This issue is filled with great insights and expert commentary on areas that are relevant to the legal landscape and highlight how the business community is embracing technology, media and telecommunications. There are various topics covered, from new ways of working and digital transformation in the finance sector to data protection regulatory updates and guidance. We also have a series of articles that focus on e-commerce across a number of jurisdictions.
You will also find insights from our lawyers around real estate analytics, tech trends, and data centres.
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Not only does Dubai have the infrastructure, services and people to support commercial success, it is universally recognised as offering one of the most business-friendly environments in the world. It is also the region’s transport and logistics hub, a key factor in the decision of multinational companies to establish themselves in the emirate.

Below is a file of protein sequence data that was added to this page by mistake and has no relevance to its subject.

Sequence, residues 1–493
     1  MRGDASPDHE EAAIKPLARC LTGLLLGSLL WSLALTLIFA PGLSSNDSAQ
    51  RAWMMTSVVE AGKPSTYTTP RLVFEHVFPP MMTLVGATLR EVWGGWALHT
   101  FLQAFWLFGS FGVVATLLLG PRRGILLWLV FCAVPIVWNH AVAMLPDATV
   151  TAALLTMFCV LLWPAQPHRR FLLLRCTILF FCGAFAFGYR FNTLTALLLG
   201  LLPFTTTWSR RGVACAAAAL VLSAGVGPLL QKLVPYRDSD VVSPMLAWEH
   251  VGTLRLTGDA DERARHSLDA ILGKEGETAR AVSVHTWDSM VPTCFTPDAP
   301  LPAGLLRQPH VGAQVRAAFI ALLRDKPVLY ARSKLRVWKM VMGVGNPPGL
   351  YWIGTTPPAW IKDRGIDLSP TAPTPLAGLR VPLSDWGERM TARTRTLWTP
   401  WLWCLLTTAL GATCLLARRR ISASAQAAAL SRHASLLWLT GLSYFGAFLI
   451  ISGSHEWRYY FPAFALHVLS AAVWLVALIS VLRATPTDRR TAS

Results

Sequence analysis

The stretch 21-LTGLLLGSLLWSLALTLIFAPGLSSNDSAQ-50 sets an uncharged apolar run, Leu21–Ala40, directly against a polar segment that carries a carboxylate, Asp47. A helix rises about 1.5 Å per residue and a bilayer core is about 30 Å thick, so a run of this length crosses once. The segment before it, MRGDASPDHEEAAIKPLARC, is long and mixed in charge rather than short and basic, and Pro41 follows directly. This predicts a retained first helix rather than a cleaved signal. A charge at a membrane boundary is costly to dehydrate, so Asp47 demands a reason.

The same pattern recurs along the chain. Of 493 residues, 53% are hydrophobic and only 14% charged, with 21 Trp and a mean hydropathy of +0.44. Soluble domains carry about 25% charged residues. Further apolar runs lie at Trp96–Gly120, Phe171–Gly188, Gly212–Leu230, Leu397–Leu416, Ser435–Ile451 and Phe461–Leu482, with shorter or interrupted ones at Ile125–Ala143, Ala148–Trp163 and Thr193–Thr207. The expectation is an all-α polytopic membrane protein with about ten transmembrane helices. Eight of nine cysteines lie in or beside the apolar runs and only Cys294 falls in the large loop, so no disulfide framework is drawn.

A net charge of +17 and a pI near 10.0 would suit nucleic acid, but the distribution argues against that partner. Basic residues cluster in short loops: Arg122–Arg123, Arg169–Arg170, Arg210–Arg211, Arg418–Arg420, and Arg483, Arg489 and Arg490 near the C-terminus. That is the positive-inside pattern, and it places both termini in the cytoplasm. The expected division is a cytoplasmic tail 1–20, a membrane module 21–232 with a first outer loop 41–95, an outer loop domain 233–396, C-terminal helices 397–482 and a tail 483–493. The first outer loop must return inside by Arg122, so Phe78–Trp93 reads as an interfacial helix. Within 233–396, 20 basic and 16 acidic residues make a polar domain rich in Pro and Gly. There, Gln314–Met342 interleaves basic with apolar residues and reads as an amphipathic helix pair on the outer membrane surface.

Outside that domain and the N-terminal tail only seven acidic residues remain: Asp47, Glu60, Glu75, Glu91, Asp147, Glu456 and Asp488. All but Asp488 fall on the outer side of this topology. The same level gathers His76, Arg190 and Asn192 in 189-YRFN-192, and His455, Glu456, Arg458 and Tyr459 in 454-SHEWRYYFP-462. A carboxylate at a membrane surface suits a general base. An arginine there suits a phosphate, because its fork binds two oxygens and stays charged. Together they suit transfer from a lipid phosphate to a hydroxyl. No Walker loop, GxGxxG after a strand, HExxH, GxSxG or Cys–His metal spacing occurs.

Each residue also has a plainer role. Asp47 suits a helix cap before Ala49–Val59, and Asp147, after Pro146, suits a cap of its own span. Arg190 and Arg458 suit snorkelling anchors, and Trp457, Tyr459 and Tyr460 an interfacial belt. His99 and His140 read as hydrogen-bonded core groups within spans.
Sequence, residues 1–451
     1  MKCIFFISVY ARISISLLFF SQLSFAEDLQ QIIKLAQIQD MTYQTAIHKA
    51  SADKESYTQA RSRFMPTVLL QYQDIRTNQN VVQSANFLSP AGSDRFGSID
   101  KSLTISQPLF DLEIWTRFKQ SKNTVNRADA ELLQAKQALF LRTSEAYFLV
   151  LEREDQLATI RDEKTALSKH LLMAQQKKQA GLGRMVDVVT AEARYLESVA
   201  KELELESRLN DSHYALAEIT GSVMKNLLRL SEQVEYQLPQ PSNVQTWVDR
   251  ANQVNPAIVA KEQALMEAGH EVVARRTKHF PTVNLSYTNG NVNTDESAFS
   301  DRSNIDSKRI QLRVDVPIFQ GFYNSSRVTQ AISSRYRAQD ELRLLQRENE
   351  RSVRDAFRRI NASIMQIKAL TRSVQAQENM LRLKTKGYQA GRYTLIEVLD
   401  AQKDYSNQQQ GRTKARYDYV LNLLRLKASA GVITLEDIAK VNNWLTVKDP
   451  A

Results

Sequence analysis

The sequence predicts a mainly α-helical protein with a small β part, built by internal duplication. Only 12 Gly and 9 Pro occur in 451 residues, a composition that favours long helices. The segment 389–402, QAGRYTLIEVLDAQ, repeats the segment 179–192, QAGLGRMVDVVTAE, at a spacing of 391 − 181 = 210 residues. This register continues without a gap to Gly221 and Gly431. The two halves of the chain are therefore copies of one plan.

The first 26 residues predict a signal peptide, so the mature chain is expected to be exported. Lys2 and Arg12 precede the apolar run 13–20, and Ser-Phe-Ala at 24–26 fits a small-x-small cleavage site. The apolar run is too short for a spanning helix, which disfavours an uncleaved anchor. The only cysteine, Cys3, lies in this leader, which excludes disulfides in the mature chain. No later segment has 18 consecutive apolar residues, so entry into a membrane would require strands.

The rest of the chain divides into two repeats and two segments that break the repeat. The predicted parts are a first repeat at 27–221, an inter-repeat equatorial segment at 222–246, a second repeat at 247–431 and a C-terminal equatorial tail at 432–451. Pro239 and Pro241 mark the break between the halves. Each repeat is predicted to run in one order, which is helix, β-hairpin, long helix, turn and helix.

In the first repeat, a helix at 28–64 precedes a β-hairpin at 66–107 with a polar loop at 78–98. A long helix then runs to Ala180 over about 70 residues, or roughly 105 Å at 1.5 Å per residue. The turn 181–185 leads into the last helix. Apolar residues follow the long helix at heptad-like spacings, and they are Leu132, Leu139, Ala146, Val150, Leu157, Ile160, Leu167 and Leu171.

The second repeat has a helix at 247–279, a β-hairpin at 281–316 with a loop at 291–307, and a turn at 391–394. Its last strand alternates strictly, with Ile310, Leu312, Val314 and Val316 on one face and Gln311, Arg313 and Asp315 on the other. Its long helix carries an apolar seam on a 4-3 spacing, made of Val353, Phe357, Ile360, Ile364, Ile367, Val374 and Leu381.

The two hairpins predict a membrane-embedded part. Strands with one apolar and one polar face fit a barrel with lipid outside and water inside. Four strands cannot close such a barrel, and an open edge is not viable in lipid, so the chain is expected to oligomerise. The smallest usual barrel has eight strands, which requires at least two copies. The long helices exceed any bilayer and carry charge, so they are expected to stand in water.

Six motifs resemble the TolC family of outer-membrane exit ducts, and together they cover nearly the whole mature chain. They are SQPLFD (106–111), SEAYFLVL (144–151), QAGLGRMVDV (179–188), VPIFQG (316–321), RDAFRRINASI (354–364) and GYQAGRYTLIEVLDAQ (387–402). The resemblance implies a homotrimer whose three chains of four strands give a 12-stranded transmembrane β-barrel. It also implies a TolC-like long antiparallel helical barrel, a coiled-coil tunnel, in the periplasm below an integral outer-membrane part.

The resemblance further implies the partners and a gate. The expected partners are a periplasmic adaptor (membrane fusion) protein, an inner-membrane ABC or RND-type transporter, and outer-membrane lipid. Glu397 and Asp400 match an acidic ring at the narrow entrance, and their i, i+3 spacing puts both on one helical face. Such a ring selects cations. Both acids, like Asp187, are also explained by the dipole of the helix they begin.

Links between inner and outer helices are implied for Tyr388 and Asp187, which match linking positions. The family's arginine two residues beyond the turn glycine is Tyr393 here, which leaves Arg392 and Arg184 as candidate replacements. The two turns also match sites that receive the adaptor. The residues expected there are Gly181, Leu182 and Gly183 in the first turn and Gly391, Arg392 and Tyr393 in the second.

Setting up in Dubai
Dubai is one of seven emirates in the United Arab Emirates (UAE). In terms of setting up corporate entities, Dubai’s multi-jurisdictional nature offers a multiplicity of options. Dubai has built a position as a major commercial, industrial and trading hub in the region, and in order to maintain that position, particular attention has been paid to easing the process of setting up companies. Depending on business objectives and the preferred shareholding structure, foreign investors have the option of setting up either in mainland Dubai, or in one of numerous industry-specific free zones.